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Final Fantasy X|X-2 HD Remaster review for PS4


Platform: PS4
Publisher: Square Enix
Developer: Square Enix
Medium: Blu-ray/Digital
Players: 1
Online: No
ESRB: T

So it’s only been a little over a year since I reviewed Final Fantasy X|X-2 HD Remaster on PS3, and I don’t have much to really add on the base experience for either game. They’re both a lot of fun, hold up surprisingly well, and are remarkably different experiences from one another. If it’s been some time since you’ve played a Final Fantasy anything, I think this package of two excellent entries in the series is worth picking up.

Obviously, the biggest question in regards to this PS4 version of the game, is how much of an upgrade are we talking here? The PS3 HD set already looked pretty great, with some clear work being done on the environment and character models throughout the game. But yes, there was still some muddy texture work present, and like most HD collections, it was clear that both games originated on older hardware.

final fantasy X HD 001That’s still somewhat the case here. Nobody is going to mistake either Final Fantasy X or X-2 as modern games on PS4. But as much as the PS3 version of this collection managed to improve upon the original visually, the PS4 version tweaks those improvements just a bit further. The big standouts this time are the improvements to various NPCs and monsters, which will be pretty noticeable to just about anyone playing. The NPCs aren’t improved across the board, but it’s easy enough to compare screens between versions and see things like finger definition that weren’t present in the PS3 version of the game. Granted, these aren’t huge improvements, but they’re improvements nonetheless.

Also worth noting is the inclusion of the original soundtrack for Final Fantasy X, which was removed in favor of the remastered tracks on PS3. You have both versions present on PS4, and can switch between them via the in-game menu whenever you want. Of course, all the additional content found in the PS3 collection is still present here, which serves to provide an additional epilogue to Final Fantasy X-2 and bridge the gap between Final Fantasy X and X-2. If you’re looking for a more technical analysis than what I’m able to deliver, I’d urge you to check out the Digital Foundry breakdown over at Eurogamer, which gives you some good visual markers for what the PS4 version brings to the table.

Final Fantasy X2 HD 001Of course, I’d be remiss to point out that there are a couple issues with this version of the collection unfortunately. One of which, the fixed RNG, is something that may or may not impact your enjoyment of the game depending on how you tend to tackle games like Final Fantasy X. RNG, for those unfamiliar, is the random number generator that dictates when attacks land, how much damage a hit does, and a kajillion other things within the game that’s based on random numbers. Generally, with most games, this is randomized to some degree, so that your experience will differ when replaying sections or reloading save states. From what I understand, based on the research of others, this version of Final Fantasy X on PS4 suffers from fixed RNG, locking you into set patterns regardless of how many times you reload or replay a section of the game.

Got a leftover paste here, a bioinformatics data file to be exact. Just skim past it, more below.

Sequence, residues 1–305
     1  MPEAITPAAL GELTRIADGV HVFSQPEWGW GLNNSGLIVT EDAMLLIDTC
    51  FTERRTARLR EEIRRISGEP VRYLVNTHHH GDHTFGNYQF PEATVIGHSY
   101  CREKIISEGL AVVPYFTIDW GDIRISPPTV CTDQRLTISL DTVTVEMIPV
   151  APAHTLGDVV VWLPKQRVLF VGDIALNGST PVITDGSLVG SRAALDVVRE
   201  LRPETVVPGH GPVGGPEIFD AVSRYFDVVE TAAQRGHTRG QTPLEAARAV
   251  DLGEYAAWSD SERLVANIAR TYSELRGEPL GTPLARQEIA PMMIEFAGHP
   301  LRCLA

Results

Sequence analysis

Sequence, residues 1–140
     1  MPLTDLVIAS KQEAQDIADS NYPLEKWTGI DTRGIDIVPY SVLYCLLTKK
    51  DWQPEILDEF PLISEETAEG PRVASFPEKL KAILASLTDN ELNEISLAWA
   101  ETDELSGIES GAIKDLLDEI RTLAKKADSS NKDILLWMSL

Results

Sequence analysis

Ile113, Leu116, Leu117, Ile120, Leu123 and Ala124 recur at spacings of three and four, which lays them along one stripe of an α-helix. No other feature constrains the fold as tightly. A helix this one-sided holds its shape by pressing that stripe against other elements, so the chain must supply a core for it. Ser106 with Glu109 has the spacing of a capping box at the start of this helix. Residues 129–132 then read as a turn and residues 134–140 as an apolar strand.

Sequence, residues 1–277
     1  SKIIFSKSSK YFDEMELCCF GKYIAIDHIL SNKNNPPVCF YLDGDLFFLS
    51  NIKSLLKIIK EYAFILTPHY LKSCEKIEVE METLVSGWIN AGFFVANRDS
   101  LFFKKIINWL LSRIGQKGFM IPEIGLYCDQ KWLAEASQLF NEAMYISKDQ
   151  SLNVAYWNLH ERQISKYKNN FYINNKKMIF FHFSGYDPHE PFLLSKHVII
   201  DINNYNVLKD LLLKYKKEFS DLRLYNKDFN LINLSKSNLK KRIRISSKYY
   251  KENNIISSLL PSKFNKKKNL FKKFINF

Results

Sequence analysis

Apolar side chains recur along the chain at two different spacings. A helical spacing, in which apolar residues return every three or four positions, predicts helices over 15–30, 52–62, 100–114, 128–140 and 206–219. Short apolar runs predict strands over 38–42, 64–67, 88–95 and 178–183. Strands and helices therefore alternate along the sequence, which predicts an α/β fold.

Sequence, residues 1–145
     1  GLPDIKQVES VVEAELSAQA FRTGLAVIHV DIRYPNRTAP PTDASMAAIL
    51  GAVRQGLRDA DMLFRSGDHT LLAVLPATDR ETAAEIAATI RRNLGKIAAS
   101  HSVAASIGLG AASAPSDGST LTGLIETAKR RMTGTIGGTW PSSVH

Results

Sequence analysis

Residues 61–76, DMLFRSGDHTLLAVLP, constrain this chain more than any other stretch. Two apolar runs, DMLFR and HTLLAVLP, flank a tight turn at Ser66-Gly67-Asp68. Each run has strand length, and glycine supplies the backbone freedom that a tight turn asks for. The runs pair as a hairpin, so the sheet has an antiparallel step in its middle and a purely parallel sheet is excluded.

Honestly, this doesn’t have much of an impact on me, at least not the way I’ve played the game on my initial run through. I’m not much of a min/maxer when it comes to RPGs, and quite honestly, if this hadn’t been pointed out to me, I doubt I ever would have noticed. But for those of you that do care, obviously this sucks, and ideally it’ll get fixed or patched. I don’t know that Square Enix has the best track record with actually fixing issues like this though, so if you know that fixed RNG will bother you while playing, then clearly I’d wait on picking this up until SE announces some sort of fix, instead of assuming that they’ll eventually get to it.

Final Fantasy X2 HD 002The other issue with this release, and one that was pretty noticeable to me, is a soundtrack related bug that causes the field/town music to reset after every encounter. Encounters are frequent enough that this means you’ll get about 10 to 15 seconds worth of music, provided you’re not standing still, before entering a battle and having the music restart once you exit. It’s not the biggest annoyance in the world, but considering how solid the FFX soundtrack is, it’s disappointing. Thankfully, it doesn’t seem to be an issue that persists with FFX-2.

All in all, I still feel like this is a collection that’s worth checking out, provided you haven’t already blitzed through both games on PS3 or PS Vita. The upgrades are nice, but not so big as to warrant another purchase a year later. And the RNG and soundtrack issues related to FFX are also another reason for not double-dipping with this compilation. But if you’ve managed to hold off on playing through the previous releases, there’s little reason to not give both games a go on PS4.

Grade: B+

FINAL FANTASY X/X-2 HD Remaster Limited Edition – PlayStation 4


Manufacturer: Square Enix LLC
ESRB Rating: Teen
Platform: PlayStation 4
Genre: role-playing-game-genre

New From: $79.75 USD In Stock